Ex-PM Olmert jailed for six years
Israel's former prime minister Ehud Olmert was sentenced today to six years in prison for his role in a wide-ranging bribery case, capping a stunning fall from grace for one of the most powerful men in the country.
The Tel Aviv district court handed down the punishment in the Jerusalem real estate scandal case related to Olmert's activities before becoming prime minister in 2006. The sentence followed a guilty verdict that was handed down by the same court in March.
Olmert, 68, who stood stoically in the courtroom in a navy blue shirt, has insisted he is innocent and that he never took a bribe.
Olmert's spokesman Amir Dan said he would appeal against both the verdict and the sentence to Israel's Supreme Court.
"This is a sad day where a serious and unjust verdict is expected to be delivered against an innocent man," Dan said, shortly before sentencing.
According to the verdict, millions illegally changed hands to promote a series of real estate projects, including a controversial housing development in Jerusalem that required a radical change in zoning laws and earned developers tax breaks and other benefits.
At the time, Olmert was mayor of Jerusalem and was accused of taking bribes to push the project forward.
Olmert was forced to resign as prime minister in 2009 amid a flurry of corruption allegations.
At the centre of the case was the Holyland housing development, a hulking hilltop project that Jerusalem residents long suspected was tainted by corruption.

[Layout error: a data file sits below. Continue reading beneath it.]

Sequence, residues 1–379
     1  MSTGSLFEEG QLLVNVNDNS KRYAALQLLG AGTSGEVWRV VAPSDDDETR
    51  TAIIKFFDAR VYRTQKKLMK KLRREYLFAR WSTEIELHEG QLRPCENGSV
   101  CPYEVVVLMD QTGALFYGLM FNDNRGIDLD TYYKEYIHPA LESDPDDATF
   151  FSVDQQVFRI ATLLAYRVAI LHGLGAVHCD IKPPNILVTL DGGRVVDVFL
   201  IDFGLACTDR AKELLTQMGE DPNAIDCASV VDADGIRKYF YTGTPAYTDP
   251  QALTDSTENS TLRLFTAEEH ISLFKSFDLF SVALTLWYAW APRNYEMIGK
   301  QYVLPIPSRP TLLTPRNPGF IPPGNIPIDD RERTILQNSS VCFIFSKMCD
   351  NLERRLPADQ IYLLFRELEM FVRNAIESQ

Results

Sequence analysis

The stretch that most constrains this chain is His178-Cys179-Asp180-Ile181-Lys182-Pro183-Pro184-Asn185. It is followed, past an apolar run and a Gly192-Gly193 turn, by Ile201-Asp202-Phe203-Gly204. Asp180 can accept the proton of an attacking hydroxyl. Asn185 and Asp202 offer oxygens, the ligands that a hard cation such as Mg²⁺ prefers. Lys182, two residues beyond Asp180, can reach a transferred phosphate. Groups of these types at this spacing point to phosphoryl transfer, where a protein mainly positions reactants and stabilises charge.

The case broke in 2010 on the strength of a businessman, Shmuel Dechner, who was involved in the project and turned state's witness. Dechner died last year from an illness.
The indictment against Olmert laid out one of the largest corruption scandals ever exposed in Israel.
It accused Olmert of seeking money, through a middleman, from Holyland developers to help out his brother, Yossi, who fled Israel because of financial problems. According to the indictment, Yossi Olmert received about £60,000.
Ehud Olmert was also accused of asking the middleman to help out city engineer Uri Sheetrit, who also had money woes. Sheetrit later dropped his opposition to the broad expansion of the Holyland complex, which burgeoned from a small development into a massive, high-rise project that sticks out from its low-rise neighbors. According to the indictment, Sheetrit received hundreds of thousands of pounds in bribes.
Among those also sentenced today was Sheetrit, who was sent to prison for seven years. A series of other former government officials, developers and businessmen were sentenced to terms of between three and five years.